Award Confidentiality

December 4, 2017

The interesting aside arose in UMS Holding v Great Station Properties [2017]. There had been an unsuccessful s.68 challenge. The Court had to wrestle with the tension between Article 30 LCIA Rules and an award becoming public by reason of being extensively quoted from and referred to in a judgment in open court in accordance with the principles in NAB v Serco [2014].

Article 30 provides that the parties undertake “as a general principle to keep confidential all awards in the arbitration, together with all materials in the arbitration created for the purpose of the arbitration and all other documents produced by another party in the proceedings not otherwise in the public domain, save and to the extent that disclosure may be required of a party by legal duty, to protect or pursue a legal right, or to enforce or challenge an award in legal proceedings before a state court or other legal authority.”

The Claimant contended that, having been extensively referred to in open court and in the court’s judgment the award was public and it was no longer bound by Article 30. The Court accepted that the award had entered the public domain.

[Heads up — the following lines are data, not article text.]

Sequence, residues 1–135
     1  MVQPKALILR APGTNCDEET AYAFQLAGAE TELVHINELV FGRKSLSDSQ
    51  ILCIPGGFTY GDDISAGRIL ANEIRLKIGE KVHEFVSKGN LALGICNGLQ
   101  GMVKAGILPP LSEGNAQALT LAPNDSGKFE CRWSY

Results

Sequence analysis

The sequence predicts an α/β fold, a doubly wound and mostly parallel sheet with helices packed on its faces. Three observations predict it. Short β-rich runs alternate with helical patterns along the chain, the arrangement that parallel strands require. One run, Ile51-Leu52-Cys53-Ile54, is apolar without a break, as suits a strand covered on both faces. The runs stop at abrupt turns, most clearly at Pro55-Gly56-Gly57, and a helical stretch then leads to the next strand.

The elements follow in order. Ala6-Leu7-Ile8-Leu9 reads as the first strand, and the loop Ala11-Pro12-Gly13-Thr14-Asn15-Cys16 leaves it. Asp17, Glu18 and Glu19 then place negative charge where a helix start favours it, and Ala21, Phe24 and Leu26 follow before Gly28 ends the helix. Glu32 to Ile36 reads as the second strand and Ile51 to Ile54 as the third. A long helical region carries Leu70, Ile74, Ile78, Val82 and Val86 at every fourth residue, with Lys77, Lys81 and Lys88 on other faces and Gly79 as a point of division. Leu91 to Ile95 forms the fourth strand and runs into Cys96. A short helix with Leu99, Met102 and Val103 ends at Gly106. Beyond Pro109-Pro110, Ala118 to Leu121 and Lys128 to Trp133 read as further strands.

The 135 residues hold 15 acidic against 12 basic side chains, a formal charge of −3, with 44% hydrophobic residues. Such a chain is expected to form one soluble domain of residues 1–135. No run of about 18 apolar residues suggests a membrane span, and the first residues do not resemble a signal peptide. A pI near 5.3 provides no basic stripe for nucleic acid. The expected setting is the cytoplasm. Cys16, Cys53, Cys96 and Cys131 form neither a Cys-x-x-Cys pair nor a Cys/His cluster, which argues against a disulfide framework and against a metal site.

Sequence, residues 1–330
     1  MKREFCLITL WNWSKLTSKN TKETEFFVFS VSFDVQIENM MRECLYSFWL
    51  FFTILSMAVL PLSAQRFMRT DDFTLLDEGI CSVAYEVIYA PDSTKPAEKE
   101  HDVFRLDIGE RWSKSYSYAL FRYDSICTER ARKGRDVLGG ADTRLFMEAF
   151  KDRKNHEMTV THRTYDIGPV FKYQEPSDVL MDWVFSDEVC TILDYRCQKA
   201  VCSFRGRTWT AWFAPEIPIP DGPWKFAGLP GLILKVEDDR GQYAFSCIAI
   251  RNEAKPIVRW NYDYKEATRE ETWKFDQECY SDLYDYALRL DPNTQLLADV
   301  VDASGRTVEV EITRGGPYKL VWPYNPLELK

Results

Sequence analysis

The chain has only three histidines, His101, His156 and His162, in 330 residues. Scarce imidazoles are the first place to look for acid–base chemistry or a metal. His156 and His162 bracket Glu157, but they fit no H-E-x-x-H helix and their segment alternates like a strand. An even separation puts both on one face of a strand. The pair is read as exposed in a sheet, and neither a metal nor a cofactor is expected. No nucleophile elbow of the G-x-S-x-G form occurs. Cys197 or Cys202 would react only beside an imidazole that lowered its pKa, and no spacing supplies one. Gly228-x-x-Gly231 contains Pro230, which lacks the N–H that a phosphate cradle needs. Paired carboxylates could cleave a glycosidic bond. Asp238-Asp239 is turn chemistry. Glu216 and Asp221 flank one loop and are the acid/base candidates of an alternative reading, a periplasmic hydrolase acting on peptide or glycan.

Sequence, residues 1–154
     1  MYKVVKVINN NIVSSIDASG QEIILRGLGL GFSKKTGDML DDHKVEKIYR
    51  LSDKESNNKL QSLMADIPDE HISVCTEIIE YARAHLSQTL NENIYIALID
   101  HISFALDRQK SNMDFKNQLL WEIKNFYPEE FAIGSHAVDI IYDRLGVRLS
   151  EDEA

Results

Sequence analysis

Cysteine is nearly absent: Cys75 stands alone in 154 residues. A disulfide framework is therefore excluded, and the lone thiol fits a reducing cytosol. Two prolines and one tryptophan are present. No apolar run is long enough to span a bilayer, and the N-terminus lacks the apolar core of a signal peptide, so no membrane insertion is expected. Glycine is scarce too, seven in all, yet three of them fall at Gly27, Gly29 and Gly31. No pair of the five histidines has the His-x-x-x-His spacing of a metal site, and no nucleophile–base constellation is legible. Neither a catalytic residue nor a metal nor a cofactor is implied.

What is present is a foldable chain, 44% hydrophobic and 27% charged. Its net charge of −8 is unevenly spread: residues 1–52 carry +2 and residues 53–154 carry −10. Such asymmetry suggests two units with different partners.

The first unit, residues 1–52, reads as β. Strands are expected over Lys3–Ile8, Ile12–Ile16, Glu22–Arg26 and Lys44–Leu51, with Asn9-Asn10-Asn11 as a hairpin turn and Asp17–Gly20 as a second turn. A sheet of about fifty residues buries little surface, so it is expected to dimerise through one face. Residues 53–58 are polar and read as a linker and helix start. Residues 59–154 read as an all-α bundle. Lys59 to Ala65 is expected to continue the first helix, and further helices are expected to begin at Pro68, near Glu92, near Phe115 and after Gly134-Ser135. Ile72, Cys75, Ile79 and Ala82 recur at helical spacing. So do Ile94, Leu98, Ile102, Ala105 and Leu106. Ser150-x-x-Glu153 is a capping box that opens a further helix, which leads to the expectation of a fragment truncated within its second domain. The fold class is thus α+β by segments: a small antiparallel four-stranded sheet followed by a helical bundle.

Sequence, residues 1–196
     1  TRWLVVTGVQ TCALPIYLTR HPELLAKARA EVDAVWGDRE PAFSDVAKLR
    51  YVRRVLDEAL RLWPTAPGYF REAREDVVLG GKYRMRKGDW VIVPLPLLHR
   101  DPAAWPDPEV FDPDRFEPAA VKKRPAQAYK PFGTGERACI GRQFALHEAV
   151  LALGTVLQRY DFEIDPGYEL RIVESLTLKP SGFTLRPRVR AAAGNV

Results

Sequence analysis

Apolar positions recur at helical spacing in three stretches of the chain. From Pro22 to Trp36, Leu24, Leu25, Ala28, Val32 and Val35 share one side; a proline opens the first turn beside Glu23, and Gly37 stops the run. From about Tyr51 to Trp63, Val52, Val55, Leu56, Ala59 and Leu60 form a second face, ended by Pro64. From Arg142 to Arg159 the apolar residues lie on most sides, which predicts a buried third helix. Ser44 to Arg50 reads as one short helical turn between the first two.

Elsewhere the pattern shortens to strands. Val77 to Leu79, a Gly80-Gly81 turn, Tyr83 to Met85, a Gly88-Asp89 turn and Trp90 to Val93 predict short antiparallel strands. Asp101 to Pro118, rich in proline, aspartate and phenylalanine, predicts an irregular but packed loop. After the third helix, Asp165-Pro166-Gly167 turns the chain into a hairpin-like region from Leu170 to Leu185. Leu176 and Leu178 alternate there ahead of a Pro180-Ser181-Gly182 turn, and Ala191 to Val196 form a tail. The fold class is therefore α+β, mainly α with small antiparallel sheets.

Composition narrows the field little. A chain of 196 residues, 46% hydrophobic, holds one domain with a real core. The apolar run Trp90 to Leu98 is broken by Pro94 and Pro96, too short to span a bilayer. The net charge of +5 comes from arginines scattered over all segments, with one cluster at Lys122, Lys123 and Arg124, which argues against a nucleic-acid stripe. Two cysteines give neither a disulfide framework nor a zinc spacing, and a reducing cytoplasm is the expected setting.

However, the Court held that whilst the public domain exception in Article 30 did not, on a strict grammatical reading of Article 30, apply to the award (rather only to materials created for and produced in the reference) a more purposive reading of the Article was that everything was to be held to be confidential unless it reached the public domain. As the award had entered into the public domain, the contractual obligation to keep the award confidential had, accordingly, fallen away.

Nevertheless, the Court was troubled that the Claimant could do what it wished with the award. Accordingly, it invoked its inherent jurisdiction to regulate its own order that the s.68 challenge be heard in public. The Court held that in making that order it was not considering the uses to which the award could be put. The Court held that, especially in circumstances where the Claimant was not saying what use it wished to make of the award, it was just and appropriate to make an order obliging the parties to respect the Article 30 confidentiality (with permission to apply).

The Court acknowledged that the award was a confidential document that had only reached the public domain by reason of the principle of open justice and the hearing of the challenge in public. That principle ought not to be abused.

The Court is to be congratulated on crafting a pragmatic solution.   


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